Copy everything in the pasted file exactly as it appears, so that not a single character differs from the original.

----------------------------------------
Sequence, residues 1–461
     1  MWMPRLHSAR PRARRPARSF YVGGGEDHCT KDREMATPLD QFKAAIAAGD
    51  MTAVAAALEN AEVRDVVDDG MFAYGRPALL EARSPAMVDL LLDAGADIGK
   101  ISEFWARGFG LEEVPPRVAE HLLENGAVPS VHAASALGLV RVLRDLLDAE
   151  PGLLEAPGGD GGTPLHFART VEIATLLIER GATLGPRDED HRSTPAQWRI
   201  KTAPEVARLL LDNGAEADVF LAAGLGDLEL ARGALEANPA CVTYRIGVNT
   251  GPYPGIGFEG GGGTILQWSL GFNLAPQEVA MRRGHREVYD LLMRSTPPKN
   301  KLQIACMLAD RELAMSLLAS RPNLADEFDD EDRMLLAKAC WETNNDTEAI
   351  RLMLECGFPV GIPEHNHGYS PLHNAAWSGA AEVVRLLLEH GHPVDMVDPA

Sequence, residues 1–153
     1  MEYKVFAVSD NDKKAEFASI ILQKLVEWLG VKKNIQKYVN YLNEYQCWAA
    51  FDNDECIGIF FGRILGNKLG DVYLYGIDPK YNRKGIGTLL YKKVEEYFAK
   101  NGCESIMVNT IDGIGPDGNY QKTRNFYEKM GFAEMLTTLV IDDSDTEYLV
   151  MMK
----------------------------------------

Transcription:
Sequence, residues 1–461
     1  MWMPRLHSAR PRARRPARSF YVGGGEDHCT KDREMATPLD QFKAAIAAGD
    51  MTAVAAALEN AEVRDVVDDG MFAYGRPALL EARSPAMVDL LLDAGADIGK
   101  ISEFWARGFG LEEVPPRVAE HLLENGAVPS VHAASALGLV RVLRDLLDAE
   151  PGLLEAPGGD GGTPLHFART VEIATLLIER GATLGPRDED HRSTPAQWRI
   201  KTAPEVARLL LDNGAEADVF LAAGLGDLEL ARGALEANPA CVTYRIGVNT
   251  GPYPGIGFEG GGGTILQWSL GFNLAPQEVA MRRGHREVYD LLMRSTPPKN
   301  KLQIACMLAD RELAMSLLAS RPNLADEFDD EDRMLLAKAC WETNNDTEAI
   351  RLMLECGFPV GIPEHNHGYS PLHNAAWSGA AEVVRLLLEH GHPVDMVDPA

Sequence, residues 1–153
     1  MEYKVFAVSD NDKKAEFASI ILQKLVEWLG VKKNIQKYVN YLNEYQCWAA
    51  FDNDECIGIF FGRILGNKLG DVYLYGIDPK YNRKGIGTLL YKKVEEYFAK
   101  NGCESIMVNT IDGIGPDGNY QKTRNFYEKM GFAEMLTTLV IDDSDTEYLV
   151  MMK